Mortgage bankers don’t think a 60-day delay of the effective date of Regulation F is long enough for mortgage servicers to be ready to comply with the provisions of the Consumer Financial Protection Bureau’s debt collection rule, and are calling on the regulator to delay the rule’s implementation for six months. The request was made in the Mortgage Bankers Association’s comment on the proposal from the CFPB to delay the effective date of Regulation F to January 29, 2022, from November 30 of this year. Along with the comment from the MBA was a comment from more than two dozen consumer organizations, including the National Association of Consumer Advocates, calling on the CFPB to use the 60 days to rewrite the rule entirely.
The CFPB proposed the delay to give companies more time to prepare for the rule because of the COVID-19 pandemic. The MBA said in its comment letter that there aren’t many industries that have been as impacted by the pandemic as mortgage servicing. Because they have been dealing with the pandemic, “servicers have not yet had time to properly review and take the needed steps to comply with the final rule’s requirements,” the MBA said in its comment.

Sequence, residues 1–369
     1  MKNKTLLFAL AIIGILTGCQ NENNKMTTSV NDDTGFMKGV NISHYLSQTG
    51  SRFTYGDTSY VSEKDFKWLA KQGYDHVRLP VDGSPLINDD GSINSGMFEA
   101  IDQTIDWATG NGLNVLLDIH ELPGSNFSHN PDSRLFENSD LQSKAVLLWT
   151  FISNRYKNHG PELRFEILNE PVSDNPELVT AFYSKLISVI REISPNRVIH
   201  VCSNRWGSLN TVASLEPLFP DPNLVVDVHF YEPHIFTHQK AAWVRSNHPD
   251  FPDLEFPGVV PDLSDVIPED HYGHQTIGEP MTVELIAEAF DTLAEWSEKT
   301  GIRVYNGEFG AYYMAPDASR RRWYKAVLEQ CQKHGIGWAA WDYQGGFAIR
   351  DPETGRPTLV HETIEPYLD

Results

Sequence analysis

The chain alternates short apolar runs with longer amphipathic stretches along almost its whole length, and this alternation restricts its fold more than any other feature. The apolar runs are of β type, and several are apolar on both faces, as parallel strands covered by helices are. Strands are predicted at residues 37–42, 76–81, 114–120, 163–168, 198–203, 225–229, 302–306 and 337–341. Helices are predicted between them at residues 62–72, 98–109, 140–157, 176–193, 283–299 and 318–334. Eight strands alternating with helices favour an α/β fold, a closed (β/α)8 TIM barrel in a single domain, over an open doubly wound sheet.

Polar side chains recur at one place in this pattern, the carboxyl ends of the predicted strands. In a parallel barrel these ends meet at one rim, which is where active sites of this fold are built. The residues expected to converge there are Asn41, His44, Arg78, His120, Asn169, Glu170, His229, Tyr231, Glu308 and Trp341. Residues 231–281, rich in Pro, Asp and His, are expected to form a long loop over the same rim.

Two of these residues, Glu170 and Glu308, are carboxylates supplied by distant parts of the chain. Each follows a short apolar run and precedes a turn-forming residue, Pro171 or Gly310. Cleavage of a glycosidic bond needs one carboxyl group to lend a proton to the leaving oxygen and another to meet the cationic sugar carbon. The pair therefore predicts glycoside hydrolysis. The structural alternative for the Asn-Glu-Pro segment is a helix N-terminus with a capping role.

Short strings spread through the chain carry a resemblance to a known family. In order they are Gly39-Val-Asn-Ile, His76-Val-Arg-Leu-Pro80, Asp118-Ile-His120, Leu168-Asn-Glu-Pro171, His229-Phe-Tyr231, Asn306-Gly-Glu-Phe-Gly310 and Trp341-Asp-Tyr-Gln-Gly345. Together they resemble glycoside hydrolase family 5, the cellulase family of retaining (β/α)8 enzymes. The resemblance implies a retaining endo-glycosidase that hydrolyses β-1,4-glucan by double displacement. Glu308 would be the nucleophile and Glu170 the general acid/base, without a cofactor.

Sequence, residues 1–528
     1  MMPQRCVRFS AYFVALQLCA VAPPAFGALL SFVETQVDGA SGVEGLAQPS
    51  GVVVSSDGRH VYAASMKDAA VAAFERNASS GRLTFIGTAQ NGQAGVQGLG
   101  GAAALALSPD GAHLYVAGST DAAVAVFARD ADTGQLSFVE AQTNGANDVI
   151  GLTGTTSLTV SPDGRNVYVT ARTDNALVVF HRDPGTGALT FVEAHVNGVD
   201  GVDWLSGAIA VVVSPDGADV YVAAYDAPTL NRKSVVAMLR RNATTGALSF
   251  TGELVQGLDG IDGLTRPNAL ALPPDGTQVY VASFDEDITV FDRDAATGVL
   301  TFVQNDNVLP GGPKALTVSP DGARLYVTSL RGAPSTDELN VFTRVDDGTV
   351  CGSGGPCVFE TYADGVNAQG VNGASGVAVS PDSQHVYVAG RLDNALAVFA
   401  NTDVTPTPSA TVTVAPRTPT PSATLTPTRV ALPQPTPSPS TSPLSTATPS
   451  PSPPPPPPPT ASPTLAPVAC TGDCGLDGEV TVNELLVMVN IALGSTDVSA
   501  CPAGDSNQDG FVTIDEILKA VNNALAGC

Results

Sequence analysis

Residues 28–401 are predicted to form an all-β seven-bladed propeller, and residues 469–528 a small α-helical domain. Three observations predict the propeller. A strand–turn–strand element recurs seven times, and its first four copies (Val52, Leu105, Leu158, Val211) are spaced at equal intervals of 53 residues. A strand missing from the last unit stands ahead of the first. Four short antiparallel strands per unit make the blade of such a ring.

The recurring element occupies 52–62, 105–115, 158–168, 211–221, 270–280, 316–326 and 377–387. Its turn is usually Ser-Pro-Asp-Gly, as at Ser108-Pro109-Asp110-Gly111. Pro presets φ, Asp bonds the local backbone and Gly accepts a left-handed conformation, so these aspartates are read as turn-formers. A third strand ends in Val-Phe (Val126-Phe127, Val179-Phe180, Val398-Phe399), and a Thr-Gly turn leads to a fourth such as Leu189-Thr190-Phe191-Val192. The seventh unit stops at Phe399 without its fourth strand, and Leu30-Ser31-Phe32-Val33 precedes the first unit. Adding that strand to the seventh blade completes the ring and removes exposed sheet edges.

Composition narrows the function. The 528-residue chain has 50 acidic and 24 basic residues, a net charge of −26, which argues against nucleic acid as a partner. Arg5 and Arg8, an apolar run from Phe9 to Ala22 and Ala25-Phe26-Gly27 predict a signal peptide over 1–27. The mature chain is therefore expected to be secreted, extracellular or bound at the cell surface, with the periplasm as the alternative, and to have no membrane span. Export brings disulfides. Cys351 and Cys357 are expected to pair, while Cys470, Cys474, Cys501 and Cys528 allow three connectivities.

By pushing the effective date of the rule six months out — to May 2022 — services would be able to “focus their resources on assisting homeowners through the COVID-19 pandemic and provide the needed time to review and implement the FDCPA final rules.”
Like many of the comments that have been submitted by consumer advocacies, the one that was submitted yesterday by NACA, the Center for Responsible Lending, and other organizations, calls on the CFPB to use the 60-day delay to “significantly strengthen consumer protections” in the rule. This includes lowering the call frequency caps to three per week, require consumers to opt-in to receiving text messages and emails, and prohibiting the collection of time-barred debt.
“While delaying the effective date would also postpone the implementation of some aspects of the rules that would provide greater protection to consumers, we believe that a delay that enables the CFPB to improve the consumer protections will provide long-term benefits to consumers that outweigh the temporary delay,” the groups wrote in their comment.